’Tis the season to … be confronted with the question of belief in every grocery store aisle and town square? Whether or not this holiday season includes celebrations within your own tradition, it seems the perfect time to brush up on the current goings-on of world religions.
In the Winter 2016 issue of Foreword Reviews, you’ll find reviews for great books that cover a bevy of religious topics: Pope Francis. Japanese Christians. Jewish history. The intersection of contemporary practice with ancient beliefs. We’ve even got a title here on Christmas itself, and how absolutely safe it is in American culture. You’ll be piqued, moved, and edified, no matter the title you choose.
From Serving Drinks to Serving Jesus
Herships shows a positive, innovative, and just a little bit rebellious path back to faith and community for those who have been disillusioned.
Last Call: From Serving Drinks to Serving Jesus, by Jerry Herships, is a memoir of faith and how broken dreams become new callings.
Herships grew up Catholic. As a child, he wanted to grow up to be a priest, and he even tried to start a Priest Club in third grade. But life intervened, and he became a comedian and bartender, hoping to make it big in Hollywood. It just didn’t work out—that’s a familiar story. But what’s much less expected is the turn Hership’s life took after that supposed failure. He never expected, decades after the Priest Club, to be entering the ministry, and he certainly never expected his ministry to look like it does: AfterHours, a faith community that meets in bars and helps care for people who are homeless.
What’s most inspiring for people of faith is that God didn’t just throw out Herships’s non-churchy life experience—God used it in reviving a dream and a vision for Herships’s life. Hership learned to bring joy as a comedian and to listen deeply as a bartender. Both have become marks of the AfterHours community.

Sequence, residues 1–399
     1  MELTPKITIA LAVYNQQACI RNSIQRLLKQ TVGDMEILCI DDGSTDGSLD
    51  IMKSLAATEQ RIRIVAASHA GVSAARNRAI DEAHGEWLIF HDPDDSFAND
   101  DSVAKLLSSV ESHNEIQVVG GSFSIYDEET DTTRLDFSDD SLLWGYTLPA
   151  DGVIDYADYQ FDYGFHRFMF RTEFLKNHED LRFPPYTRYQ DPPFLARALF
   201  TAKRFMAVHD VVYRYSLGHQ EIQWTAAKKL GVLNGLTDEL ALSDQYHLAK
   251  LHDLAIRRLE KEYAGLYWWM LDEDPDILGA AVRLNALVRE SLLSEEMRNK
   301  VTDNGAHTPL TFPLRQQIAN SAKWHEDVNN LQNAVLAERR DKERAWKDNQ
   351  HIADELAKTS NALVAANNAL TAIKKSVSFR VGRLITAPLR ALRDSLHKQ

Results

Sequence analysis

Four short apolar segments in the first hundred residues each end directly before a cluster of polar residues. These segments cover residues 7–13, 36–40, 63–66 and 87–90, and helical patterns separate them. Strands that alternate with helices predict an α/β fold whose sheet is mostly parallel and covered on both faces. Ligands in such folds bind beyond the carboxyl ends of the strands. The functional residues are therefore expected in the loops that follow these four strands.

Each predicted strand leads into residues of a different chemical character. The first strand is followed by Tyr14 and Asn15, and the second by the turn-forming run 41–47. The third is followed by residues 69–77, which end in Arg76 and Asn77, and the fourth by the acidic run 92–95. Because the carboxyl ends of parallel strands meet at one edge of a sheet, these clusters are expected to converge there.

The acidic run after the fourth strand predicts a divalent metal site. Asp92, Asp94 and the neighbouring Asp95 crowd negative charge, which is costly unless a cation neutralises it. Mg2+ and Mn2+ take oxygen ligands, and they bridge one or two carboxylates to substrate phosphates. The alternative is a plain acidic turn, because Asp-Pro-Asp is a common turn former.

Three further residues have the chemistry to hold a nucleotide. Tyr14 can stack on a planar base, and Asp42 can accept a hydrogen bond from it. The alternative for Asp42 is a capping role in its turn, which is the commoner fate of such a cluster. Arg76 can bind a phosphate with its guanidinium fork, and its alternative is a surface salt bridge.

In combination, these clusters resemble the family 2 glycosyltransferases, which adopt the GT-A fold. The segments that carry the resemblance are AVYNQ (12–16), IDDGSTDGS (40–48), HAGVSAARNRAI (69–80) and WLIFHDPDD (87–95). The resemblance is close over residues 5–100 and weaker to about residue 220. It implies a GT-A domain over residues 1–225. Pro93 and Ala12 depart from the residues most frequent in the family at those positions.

AfterHours is an open, honest, outward-looking community of faith in a growing, vibrant landscape of real, refreshing faith communities. As a result, Herships’s voice is welcome and needed. He boldly echoes God’s call to help the poor and challenges complacency in the church and in the lives of people who say they follow Jesus.
Herships’s commitment to God is unwavering, and his comments are unvarnished. The writing is clear and fast paced, direct but not confrontational. His voice will appeal to believers who are wearied by failed dreams and fed up with show-up-on-Sunday Christianity.
Last Call will challenge anyone who agrees with his statement “I don’t understand church people who only hang around other church people,” along with those who’ve been disillusioned by life and faith, to fling the doors open on their lives and their churches.
MELISSA WUSKE (November 27, 2015)
This is a visually stunning, illumining project for those curious about Pope Francis and the evolution of the Vatican.
From National Geographic mainstays Dave Yoder and Robert Draper comes a project that captures the charismatic new papacy of Francis in its wide array. Drawing from Church history and the Argentinian pope’s background, the work provides insight into the actions of a pope who, in his devotion to the people, has changed the way the world regards Rome.
Pope Francis and the New Vatican is not a theological work, or a work of apologetics; rather, it seeks to meet Pope Francis where he is, as a religious man with a diverse background, whose commitments to pastoral care are shaking up a millennia-old institution. Drawing from interviews with those who’ve known Francis for decades, Draper dispenses with the idea of Francis as a doctrinal reformer, despite the hopes of some liberals; he approaches him instead as a radically committed kind of pope whose gentle values and focus on the poor have not always been associated with Vatican politics.
“What seems to rivet audiences,” Draper writes, “is the fact of the pope as a model of vulnerability.” Like the saint whose name he took, Francis communes with the poor, dispenses with lavish living, kisses the feet of the ill, and refocuses Church attention on those most in need. Yoder’s photos, which show Francis in locales that seem fortified against such vulnerability, create an awesome and complicated picture of this “new Vatican.”
So too do photographs from Francis’s youth play in neatly: the smiling and charismatic young man who shook up seminary life, the cardinal looking serious as he takes the train into work. Juxtaposed to photographs from his first months in Rome, which find him beaming and his crowds in various states of wonder, readers begin to develop a picture of what is progressive about this papacy. A return to the “sensitivity of the gospels” toward those at the periphery is evinced across the work.